The Geezers decided to test their sea legs and hit the water with a visit to the Norfolk Broads. The group spent two days on a broads cruiser called the Galway Girl. They took the train from Stratford to Wroxham and stayed in an excellent B&B called The Moorhen run by husband and wife Neil and Josie.
A bit about the Broads
The Broads are made up of over 60 open areas of water known as Broads and seven rivers, the Ant, Bure, Chet, Thurne, Waveney, Wensum and Yare. The tourist map below shows the extent of it.
A rich past and a vibrant present
The Broads was originally dug out in mediaeval times to provide peat for fuel. In the 14th century, these peat diggings flooded, creating the beautiful waterways that the Geezers visited.
By the 19th century, the rich boating heritage of these waterways made them an obvious destination for those who enjoyed the increasingly popular pastime of pleasure boating. Today, the Broads is Britain’s third largest inland navigation area and the beauty and tranquillity of its lakes and landscapes attracts around eight million visitors every year.
The Broads is renowned for its biodiversity. It is home to more than a quarter of the rarest wildlife in the UK. We were lucky enough to see a marsh harrier (above) gliding over us.
The rivers and broads are home to many kinds of fish including perch and pike. Harvest mice and water shrews live in the fens and, if you’re very lucky, you may spot an otter.
The group sailed the 5 miles from Wroxham to Ranworth Broad and visited St. Helen’s Church , known as the ‘Cathedral of the Broads’, which stands in a commanding position overlooking the Bure Valley.
The church was completed in 1453. Unfortunately the church was undergoing some renovations so could not be accessed however the visit was not in vain as the group enjoyed a meal at the Maltsers Pub at Ranworth, and a duck feeding session where Eddie experienced probably the weirdest feeling of being pecked by a large group of ducks!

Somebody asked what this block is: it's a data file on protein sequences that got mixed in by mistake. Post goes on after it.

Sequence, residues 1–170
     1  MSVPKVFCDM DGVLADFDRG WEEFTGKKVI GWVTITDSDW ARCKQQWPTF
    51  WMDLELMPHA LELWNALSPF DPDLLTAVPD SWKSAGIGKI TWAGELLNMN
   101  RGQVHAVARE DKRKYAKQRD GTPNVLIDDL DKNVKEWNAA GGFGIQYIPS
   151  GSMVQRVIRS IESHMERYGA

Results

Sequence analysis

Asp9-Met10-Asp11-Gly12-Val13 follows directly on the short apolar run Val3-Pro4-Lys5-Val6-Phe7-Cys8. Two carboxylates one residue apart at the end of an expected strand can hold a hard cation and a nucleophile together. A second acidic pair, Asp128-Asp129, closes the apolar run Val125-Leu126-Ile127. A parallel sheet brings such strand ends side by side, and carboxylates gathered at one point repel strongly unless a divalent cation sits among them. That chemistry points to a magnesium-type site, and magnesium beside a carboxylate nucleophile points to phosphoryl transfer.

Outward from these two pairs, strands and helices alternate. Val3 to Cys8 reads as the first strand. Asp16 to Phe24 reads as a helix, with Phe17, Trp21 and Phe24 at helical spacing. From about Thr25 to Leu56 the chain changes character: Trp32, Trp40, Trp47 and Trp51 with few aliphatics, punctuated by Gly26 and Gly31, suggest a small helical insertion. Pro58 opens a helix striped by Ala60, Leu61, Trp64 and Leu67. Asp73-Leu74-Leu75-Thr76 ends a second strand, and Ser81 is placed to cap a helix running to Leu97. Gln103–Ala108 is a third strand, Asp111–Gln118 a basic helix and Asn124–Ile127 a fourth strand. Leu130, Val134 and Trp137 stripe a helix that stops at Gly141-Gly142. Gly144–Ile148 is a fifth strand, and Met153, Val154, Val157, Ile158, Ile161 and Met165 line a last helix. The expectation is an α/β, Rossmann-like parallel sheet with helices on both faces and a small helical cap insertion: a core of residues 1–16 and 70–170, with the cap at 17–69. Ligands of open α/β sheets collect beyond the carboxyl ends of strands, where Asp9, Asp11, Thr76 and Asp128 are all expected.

The ruins of St Benet’s Abbey was the next stop. The abbey was built in the 9th century and it is said that St Benet’s was founded on the site of a monastery where the hermit Suneman was martyred by the Danes. About the end of the 10th century it was rebuilt by one Wulfric. A generation later, c. 1022, King Canute was said to have visited and later conferred with the inhabitants, merging the surrounding parishes.
The bishop of Norwich holds open air services to this day on the site of the church that was within the grounds
The group then headed off to watch a yacht race at Wroxham Broad.
Geezers Chairman, Eddie Snooks, adds: “The Geezers met Paul Herbert at the recent visit to the Victoria Park Bowls Club. It’s a small world in Bow, and very soon the Geezers and Paul found out that they all knew each other’s mums, dads, nans, grandads etc.
“When Paul asked if the Geezers would like a couple of days boating on Galway Girl it was an offer we couldn’t refuse.
“We split the trip over two days to enable as many Geezers as possible to enjoy the Broads and Paul’s hospitality.
“It has also resulted in Paul joining the Geezers and we welcome him with open arms.”